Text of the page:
This rhythm strip illustrates a junctional escape rhythm. The sinus rhythm has slowed or stopped, and the junctional tissue has taken over as the pacemaker of the heart. The "junction" is loosely defined as the area between the AV node and the Bundle of His. The intrinsic rate of the pacemaking tissue in this area is 40 - 60 beats per minute. This slow rate is usually overridden by the sinus node, and the junction is not allowed to express itself as a pacemaker. Should the sinus node fail or fall below the junctional rate, the junction "escapes" and takes control of the heart. The QRS complex in junctional rhythm will normally be narrow, because the impulse follows the bundle branches down through the ventricles in a normal fashion, resulting in quick and normal ventricular depolarization. If the QRS complex is wide in a junctional rhythm, there is another, separate cause, such as bundle branch block.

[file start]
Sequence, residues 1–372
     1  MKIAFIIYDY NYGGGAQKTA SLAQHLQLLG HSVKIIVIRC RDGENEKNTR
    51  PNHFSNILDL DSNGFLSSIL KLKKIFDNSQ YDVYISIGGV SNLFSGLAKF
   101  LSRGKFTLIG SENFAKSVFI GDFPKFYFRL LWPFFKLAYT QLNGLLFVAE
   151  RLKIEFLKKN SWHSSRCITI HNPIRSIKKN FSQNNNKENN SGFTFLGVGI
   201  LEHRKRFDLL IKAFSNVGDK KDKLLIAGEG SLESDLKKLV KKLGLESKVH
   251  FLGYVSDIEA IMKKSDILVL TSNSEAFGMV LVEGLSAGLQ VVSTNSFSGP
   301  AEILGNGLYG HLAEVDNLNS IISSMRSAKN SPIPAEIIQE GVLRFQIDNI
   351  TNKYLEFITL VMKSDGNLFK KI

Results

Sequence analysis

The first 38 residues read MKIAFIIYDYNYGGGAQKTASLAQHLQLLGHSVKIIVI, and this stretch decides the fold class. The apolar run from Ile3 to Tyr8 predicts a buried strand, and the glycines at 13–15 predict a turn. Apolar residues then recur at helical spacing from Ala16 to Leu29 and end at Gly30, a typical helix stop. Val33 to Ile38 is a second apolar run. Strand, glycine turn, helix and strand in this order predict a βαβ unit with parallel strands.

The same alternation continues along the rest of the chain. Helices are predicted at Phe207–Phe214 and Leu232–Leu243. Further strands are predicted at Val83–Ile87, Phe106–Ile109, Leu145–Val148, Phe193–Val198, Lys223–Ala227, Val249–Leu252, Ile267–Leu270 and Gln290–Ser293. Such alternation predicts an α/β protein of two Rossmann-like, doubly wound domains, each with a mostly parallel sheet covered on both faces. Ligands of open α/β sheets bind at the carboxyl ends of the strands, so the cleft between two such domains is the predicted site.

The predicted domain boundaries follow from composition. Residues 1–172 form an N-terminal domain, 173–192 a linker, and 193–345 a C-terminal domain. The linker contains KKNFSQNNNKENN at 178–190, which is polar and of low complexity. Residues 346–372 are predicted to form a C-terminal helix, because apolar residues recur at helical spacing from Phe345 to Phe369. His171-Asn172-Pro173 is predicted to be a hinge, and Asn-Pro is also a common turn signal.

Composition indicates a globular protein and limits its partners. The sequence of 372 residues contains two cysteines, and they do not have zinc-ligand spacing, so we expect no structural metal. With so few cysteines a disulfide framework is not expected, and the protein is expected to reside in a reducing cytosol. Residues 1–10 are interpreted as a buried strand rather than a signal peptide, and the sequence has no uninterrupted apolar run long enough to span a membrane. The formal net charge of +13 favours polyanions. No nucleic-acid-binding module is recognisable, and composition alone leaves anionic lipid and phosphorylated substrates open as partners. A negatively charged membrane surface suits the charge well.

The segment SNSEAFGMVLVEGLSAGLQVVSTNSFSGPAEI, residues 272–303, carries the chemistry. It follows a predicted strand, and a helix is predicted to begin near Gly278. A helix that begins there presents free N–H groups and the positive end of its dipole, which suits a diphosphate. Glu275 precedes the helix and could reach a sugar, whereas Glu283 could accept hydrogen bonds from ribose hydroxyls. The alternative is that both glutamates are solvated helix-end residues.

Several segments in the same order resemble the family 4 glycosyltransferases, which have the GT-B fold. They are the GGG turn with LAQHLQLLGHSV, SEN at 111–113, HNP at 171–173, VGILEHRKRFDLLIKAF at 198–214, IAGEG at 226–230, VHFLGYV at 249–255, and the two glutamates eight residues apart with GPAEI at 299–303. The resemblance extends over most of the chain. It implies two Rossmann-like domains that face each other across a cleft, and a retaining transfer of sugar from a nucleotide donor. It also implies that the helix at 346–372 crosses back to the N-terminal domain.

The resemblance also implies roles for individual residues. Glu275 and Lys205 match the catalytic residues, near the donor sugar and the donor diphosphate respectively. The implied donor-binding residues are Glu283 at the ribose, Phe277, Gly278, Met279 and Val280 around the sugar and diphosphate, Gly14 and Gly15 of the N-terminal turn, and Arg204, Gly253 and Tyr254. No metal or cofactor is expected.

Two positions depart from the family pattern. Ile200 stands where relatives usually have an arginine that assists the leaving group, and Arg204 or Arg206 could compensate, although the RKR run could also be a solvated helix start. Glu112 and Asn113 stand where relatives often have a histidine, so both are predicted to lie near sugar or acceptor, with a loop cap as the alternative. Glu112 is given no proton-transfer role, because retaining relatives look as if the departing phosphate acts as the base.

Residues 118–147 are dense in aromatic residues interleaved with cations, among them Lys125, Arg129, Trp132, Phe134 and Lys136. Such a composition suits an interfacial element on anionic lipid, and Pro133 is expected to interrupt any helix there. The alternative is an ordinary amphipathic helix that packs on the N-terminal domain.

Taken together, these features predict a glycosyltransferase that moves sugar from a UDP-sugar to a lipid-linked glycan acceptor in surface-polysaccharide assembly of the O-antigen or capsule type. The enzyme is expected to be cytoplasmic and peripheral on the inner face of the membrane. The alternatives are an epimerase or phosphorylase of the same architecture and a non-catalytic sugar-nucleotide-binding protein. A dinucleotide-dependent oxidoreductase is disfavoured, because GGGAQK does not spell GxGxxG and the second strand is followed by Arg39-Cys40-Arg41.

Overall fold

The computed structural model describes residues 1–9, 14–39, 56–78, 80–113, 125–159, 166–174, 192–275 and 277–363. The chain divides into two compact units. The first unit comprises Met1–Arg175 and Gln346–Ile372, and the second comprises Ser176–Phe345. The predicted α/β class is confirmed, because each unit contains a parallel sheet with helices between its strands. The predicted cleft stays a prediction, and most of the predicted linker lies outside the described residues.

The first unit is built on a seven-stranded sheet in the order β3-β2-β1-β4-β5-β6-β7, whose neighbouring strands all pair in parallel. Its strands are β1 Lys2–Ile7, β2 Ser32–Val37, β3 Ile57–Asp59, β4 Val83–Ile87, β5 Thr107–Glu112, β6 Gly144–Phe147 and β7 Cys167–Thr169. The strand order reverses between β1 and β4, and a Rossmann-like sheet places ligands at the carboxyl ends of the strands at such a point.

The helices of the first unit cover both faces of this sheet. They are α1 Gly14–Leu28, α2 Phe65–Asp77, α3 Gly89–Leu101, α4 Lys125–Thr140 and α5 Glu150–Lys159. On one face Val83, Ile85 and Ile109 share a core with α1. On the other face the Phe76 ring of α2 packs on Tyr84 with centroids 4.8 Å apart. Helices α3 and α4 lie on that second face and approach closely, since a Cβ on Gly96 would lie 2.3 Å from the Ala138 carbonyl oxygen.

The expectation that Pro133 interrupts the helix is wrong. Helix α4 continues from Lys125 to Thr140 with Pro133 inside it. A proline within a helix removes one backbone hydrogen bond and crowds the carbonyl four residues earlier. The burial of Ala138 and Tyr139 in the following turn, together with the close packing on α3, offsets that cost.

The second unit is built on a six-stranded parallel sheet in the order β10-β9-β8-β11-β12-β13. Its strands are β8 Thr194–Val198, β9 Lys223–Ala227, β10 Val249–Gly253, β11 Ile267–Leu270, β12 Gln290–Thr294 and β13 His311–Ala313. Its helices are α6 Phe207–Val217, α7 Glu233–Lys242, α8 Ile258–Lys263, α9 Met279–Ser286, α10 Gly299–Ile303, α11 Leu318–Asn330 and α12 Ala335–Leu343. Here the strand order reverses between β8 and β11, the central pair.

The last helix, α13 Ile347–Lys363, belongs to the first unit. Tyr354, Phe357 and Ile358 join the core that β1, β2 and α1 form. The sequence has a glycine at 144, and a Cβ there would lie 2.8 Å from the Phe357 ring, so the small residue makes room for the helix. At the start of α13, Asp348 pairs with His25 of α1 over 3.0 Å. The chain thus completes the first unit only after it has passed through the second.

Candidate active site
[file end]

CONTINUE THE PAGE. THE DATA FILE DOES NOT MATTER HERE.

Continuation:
If the junctional impulse is able to penetrate the AV node and depolarlize the atria, the P wave will be deflected downward in Leads II, III, and aVF, as the impulse is travelling in a retrograde direction (backward). The P wave could end up slightly before the QRS, during the QRS, or after the QRS. In this strip, the P waves are seen after the QRS complexes.